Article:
What Now: Hardheaded?

Last season’s death of actress Natasha Richardson revived the debate about making helmets mandatory on the slopes. Should there even be a debate?
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Last season’s death of actress Natasha Richardson revived the debate about making helmets mandatory on the slopes. Should there even be a debate?
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The unsettling death of actress Natasha Richardson from a head injury she received from a fall during a routine lesson at Tremblant, Que., last spring rekindled an ongoing controversy: Should helmets be mandatory equipment or remain a personal choice? The debate, which had already been sparked by a high-profile fatality in Austria earlier in the season, went global after Richardson’s death, and it continues to rage wherever people put boards on snow.

Many resorts this season—undoubtedly influenced by the front-page fatalities—are toughening already strict youth helmet requirements, frequently mandating helmets for all children in ski schools. This time, however, the long-running helmet debate has expanded into serious discussions of requiring helmets for everyone on the snow. Vail Resorts, the largest ski operator in the country, recently mandated that all employees wear helmets while skiing or riding on the job, becoming the first company to do so.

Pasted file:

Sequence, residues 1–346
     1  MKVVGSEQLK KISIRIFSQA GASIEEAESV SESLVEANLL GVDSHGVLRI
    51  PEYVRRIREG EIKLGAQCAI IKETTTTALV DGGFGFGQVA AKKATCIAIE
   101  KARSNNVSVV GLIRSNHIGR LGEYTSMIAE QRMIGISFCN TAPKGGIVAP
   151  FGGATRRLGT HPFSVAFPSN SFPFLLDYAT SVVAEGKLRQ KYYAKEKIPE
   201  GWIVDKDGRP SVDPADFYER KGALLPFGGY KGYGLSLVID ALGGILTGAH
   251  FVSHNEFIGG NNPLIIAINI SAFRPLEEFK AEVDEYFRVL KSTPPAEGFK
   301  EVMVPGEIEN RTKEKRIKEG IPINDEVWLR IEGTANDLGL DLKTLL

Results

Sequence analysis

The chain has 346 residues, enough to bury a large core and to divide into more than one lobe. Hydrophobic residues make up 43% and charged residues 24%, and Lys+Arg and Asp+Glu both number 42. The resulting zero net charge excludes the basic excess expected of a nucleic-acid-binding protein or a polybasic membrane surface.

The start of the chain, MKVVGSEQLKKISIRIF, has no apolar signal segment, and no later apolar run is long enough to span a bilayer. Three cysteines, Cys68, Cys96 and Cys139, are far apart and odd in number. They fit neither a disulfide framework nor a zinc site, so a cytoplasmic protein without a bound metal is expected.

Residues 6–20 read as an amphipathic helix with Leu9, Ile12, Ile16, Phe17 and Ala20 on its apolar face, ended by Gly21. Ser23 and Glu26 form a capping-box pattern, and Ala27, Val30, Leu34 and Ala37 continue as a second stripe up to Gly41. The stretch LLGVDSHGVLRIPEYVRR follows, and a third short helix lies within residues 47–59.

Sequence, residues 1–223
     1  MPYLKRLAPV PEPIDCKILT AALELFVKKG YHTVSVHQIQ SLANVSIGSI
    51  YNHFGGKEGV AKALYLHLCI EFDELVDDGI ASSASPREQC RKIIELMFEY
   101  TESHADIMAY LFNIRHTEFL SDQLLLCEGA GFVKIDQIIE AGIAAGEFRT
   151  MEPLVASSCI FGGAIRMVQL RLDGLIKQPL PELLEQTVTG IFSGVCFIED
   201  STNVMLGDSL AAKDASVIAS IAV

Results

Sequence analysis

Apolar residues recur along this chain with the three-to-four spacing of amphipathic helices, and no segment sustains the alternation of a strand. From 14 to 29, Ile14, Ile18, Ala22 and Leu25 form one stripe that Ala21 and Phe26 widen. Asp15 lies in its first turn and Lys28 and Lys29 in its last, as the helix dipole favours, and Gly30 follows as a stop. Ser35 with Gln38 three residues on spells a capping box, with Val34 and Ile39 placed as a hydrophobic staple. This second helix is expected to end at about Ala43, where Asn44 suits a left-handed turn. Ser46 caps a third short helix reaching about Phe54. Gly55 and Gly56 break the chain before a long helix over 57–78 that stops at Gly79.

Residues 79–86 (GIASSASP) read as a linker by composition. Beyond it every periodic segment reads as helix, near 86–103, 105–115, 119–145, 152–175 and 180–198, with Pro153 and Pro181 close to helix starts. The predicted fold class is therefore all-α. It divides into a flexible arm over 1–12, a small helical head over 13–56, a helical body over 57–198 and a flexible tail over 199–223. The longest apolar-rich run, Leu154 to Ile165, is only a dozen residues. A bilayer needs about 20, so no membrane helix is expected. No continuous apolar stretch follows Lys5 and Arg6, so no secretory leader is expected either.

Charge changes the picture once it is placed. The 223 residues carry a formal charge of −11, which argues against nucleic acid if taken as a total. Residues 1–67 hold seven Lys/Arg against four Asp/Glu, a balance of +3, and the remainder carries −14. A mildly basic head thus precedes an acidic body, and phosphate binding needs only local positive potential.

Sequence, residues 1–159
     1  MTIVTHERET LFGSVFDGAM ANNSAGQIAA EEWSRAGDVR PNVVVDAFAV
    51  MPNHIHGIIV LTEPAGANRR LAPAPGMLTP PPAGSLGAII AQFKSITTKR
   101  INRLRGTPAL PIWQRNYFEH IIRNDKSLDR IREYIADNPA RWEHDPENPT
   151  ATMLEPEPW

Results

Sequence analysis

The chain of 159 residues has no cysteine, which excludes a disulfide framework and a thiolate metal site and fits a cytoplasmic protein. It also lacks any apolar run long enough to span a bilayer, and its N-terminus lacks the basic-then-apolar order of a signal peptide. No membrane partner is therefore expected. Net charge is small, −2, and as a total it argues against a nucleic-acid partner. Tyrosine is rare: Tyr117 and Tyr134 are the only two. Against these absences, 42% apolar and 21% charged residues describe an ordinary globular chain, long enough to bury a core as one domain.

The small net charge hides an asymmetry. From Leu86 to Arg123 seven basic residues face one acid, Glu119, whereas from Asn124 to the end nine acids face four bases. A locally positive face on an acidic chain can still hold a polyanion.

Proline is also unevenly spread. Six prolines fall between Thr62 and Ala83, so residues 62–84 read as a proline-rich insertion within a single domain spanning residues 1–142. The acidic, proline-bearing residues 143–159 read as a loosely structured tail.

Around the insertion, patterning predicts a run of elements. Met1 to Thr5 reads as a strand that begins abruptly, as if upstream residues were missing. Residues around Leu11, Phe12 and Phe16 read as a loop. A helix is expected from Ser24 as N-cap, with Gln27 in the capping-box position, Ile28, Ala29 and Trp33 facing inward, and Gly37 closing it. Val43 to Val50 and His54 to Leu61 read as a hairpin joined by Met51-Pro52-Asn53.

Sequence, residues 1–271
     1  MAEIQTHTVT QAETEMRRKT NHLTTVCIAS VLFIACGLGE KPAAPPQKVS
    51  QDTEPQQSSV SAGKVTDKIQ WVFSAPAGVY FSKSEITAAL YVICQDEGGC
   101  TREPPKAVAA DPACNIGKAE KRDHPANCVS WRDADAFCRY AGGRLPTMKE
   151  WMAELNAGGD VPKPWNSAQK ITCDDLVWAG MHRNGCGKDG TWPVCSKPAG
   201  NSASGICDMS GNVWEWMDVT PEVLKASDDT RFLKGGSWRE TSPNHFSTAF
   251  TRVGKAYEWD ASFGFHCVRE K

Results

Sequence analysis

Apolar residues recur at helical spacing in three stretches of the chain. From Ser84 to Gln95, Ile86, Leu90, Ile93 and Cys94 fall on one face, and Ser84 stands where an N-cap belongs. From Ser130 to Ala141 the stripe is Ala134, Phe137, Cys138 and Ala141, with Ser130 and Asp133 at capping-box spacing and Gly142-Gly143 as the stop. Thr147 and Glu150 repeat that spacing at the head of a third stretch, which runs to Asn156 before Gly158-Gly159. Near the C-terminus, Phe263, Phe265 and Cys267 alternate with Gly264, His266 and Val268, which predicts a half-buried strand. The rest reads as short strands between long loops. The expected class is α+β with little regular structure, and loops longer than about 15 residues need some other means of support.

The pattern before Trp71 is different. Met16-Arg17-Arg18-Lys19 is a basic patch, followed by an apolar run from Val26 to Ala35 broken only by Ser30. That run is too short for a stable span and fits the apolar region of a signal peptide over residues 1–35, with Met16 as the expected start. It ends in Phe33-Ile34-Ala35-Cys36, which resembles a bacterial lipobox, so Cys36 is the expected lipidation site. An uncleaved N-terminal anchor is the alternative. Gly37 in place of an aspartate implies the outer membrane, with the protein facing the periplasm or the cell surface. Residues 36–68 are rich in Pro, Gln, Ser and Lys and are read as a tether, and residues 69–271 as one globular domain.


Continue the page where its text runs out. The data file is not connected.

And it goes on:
Even without mandates, helmet use in the U.S. has risen by about five percent annually over the past decade. Last season, the National Ski Areas Association reports, approximately half of all skiers and riders in the U.S. wore helmets, including nearly 80 percent of children under 10 and 63 percent of adults over 65. Despite the increase, the number of annual fatalities from skiing accidents over the past decade has remained constant, about 40 per year.

Richardson remains the lightning rod for helmet proponents. She wasn’t wearing a helmet when she fell in soft snow on a beginner slope. She seemed fine afterward, joking about the mishap, but her condition quickly worsened, and she died the next day from internal bleeding caused by a “blunt impact to the head,” according to the New York City medical examiner’s office. As it happens, the Association of Quebec Emergency Room Doctors had called for ski helmets to be made mandatory about a month before. After the highly publicized accident, the Quebec legislature began debating a law to make helmets mandatory for all skiers.